I’m a really introverted person. When I was a kid, I tossed and turned between extreme introversion at school and unabashed loudness otherwise. Even in my loudness, I was shy. I still am. What has changed is that with time, life became messy. Slowly but surely, that unchecked mess makes for an unruly image. And it isn’t just about what we start to look like to everyone around us: it’s a lot more about what we start to look like to ourselves and how that starts to affect our confidence and performance.

It would take me years to learn that in whatever part of your life, things that are uncommunicable and unpleasant create clutter.

It makes sense.

There are so many things that get in the way of a perfect, micro-managed image. Things like health complications, financial crises, personal circumstance, schooling and exhaustion can steal years worth of social credit in moments. A faux-pas isn’t the end of the world in the eyes of everyone else; I’m referring to self-crippling feelings of shame and guilt for not meeting a deadline or fulfilling a request. While it’s important to be considerate of others’ time, it’s essential to listen to your body and turn down an opportunity to please someone if it means avoiding self-sacrifice in the long term (just make sure to make it up as soon as you can).

This is where introversion comes into play. I thrive in aloneness. I love teamwork and friendships because I enjoy being in the company of others, but I love that I have time to do so much on my own. The downside is that I have never been good at letting others know what I need. I would rather put up with it myself. Which just isn’t how the world works.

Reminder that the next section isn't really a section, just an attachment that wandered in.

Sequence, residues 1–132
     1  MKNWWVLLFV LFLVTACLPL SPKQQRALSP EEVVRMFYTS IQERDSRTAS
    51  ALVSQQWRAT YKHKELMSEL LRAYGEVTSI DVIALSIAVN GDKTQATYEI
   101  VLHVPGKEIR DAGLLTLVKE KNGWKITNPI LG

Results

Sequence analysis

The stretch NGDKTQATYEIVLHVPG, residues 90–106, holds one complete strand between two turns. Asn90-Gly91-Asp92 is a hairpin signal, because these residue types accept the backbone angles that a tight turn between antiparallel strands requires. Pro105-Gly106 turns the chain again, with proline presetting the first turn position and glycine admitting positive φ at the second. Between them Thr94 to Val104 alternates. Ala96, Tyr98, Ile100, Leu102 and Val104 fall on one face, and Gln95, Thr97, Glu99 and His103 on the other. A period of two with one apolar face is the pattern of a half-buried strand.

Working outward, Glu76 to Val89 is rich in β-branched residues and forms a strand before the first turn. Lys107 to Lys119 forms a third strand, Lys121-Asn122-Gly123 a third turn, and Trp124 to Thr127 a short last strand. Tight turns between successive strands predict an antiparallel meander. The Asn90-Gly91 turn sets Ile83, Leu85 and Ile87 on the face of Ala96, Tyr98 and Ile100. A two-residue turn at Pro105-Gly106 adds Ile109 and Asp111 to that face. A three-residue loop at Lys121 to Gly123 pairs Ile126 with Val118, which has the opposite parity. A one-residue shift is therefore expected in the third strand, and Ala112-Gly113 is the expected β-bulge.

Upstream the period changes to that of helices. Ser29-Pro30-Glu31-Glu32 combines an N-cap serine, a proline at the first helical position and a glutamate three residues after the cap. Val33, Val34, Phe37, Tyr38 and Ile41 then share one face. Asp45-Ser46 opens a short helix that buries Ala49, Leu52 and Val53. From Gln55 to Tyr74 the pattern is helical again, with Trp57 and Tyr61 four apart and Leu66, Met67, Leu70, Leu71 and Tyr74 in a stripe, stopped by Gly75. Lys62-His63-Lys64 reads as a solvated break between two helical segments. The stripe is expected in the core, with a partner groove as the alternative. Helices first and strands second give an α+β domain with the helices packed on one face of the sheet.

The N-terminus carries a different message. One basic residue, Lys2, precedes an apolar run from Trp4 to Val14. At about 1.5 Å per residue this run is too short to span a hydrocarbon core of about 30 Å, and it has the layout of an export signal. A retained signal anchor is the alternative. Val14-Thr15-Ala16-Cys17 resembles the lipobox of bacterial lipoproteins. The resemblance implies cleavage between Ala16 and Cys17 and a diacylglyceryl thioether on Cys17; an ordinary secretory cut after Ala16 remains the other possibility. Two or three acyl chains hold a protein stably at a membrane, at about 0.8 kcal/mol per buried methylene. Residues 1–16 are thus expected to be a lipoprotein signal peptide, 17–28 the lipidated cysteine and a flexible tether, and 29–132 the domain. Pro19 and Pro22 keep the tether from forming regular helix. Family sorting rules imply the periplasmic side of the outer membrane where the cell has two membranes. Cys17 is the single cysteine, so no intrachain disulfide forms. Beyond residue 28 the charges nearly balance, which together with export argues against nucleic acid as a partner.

If you’re working in a team or in any relationship, what you do has the capacity of touching everyone around you. You are a moving part in a larger machine. It took me a really hard time to swallow that pill, and I am still getting into the habit of acting on it. For every struggle you don’t communicate, you run the risk of having it blow up in your face. It’s our responsibility to act on due diligence if we can help it. And we can most times. I can let you know that I am unable to see you because my energy is low. I can let you know that I am taking space from you to work out my own problems. I might even tell you that my priorities have shifted. You, on the other hand, can understand that or decline to consider. Both are valid responses, but it’s where so much compassion is lost. I say this from (acute) personal experience.

While we aren’t responsible for what other people are going through, it’s courteous to offer understanding. It’s human. Sometimes it takes getting out of your head to see where another person stands not only in relation to yourself, but in relations to their life and experiences.

Rewarding interactions are transformative, not transactional.  A transformative interaction is an opportunity rather than a gain, whereas a transactional interaction leads to a closed-ended and measurable outcome. We need both in our lives. I am by no means an expert, but a transformative approach would take unpleasant situations and turning them into learning lessons, no matter the outcome. It’s how we grow and thrive, and how we learn to be considerate of where others are coming from. Being sidetracked by misunderstandings is unavoidable, but how we move forward and make amends changes and defines us.

There is always an opportunity to make things right so long as we are alive, and I think the greatest lesson to be learned from these awkward run-ins is moving forward with tact and withholding excessive self-judgement. The worst thing you can do for yourself is create your own rut and perpetuate it day in and day out. The need to put yourself down often has to do with accountability and feeling that you need to right your wrong. Everyone and every situation deserve their own form of making things right. It could mean coffee with a colleague, a sincere apology and peace offer made to a friend, or maybe doing better the next time around.

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